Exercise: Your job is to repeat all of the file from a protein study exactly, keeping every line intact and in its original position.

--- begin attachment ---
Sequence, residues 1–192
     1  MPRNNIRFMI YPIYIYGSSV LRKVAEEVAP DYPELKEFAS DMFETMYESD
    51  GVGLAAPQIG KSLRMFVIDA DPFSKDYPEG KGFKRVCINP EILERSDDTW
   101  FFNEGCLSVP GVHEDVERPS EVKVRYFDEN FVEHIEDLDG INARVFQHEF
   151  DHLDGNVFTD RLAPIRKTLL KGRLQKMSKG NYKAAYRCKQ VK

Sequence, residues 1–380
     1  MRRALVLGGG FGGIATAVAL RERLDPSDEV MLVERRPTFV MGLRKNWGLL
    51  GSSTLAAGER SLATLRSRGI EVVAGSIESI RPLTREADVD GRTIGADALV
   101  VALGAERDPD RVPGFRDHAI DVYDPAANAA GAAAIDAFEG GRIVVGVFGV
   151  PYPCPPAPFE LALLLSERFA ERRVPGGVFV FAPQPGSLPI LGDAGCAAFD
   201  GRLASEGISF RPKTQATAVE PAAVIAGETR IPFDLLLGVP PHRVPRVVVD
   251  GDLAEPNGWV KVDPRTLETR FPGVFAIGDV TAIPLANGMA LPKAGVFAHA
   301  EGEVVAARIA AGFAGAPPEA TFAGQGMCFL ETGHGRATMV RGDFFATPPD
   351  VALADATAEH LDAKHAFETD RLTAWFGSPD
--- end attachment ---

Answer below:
Sequence, residues 1–192
     1  MPRNNIRFMI YPIYIYGSSV LRKVAEEVAP DYPELKEFAS DMFETMYESD
    51  GVGLAAPQIG KSLRMFVIDA DPFSKDYPEG KGFKRVCINP EILERSDDTW
   101  FFNEGCLSVP GVHEDVERPS EVKVRYFDEN FVEHIEDLDG INARVFQHEF
   151  DHLDGNVFTD RLAPIRKTLL KGRLQKMSKG NYKAAYRCKQ VK

Sequence, residues 1–380
     1  MRRALVLGGG FGGIATAVAL RERLDPSDEV MLVERRPTFV MGLRKNWGLL
    51  GSSTLAAGER SLATLRSRGI EVVAGSIESI RPLTREADVD GRTIGADALV
   101  VALGAERDPD RVPGFRDHAI DVYDPAANAA GAAAIDAFEG GRIVVGVFGV
   151  PYPCPPAPFE LALLLSERFA ERRVPGGVFV FAPQPGSLPI LGDAGCAAFD
   201  GRLASEGISF RPKTQATAVE PAAVIAGETR IPFDLLLGVP PHRVPRVVVD
   251  GDLAEPNGWV KVDPRTLETR FPGVFAIGDV TAIPLANGMA LPKAGVFAHA
   301  EGEVVAARIA AGFAGAPPEA TFAGQGMCFL ETGHGRATMV RGDFFATPPD
   351  VALADATAEH LDAKHAFETD RLTAWFGSPD